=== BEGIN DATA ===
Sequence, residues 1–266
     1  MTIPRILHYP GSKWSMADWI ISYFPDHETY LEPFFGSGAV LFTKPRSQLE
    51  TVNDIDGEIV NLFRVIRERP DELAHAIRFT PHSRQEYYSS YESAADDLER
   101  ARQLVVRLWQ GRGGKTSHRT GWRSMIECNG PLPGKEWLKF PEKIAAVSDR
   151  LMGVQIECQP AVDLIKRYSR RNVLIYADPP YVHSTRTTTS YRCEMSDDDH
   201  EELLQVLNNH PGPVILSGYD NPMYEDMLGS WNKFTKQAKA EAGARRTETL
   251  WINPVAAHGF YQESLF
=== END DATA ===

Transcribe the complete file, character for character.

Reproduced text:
Sequence, residues 1–266
     1  MTIPRILHYP GSKWSMADWI ISYFPDHETY LEPFFGSGAV LFTKPRSQLE
    51  TVNDIDGEIV NLFRVIRERP DELAHAIRFT PHSRQEYYSS YESAADDLER
   101  ARQLVVRLWQ GRGGKTSHRT GWRSMIECNG PLPGKEWLKF PEKIAAVSDR
   151  LMGVQIECQP AVDLIKRYSR RNVLIYADPP YVHSTRTTTS YRCEMSDDDH
   201  EELLQVLNNH PGPVILSGYD NPMYEDMLGS WNKFTKQAKA EAGARRTETL
   251  WINPVAAHGF YQESLF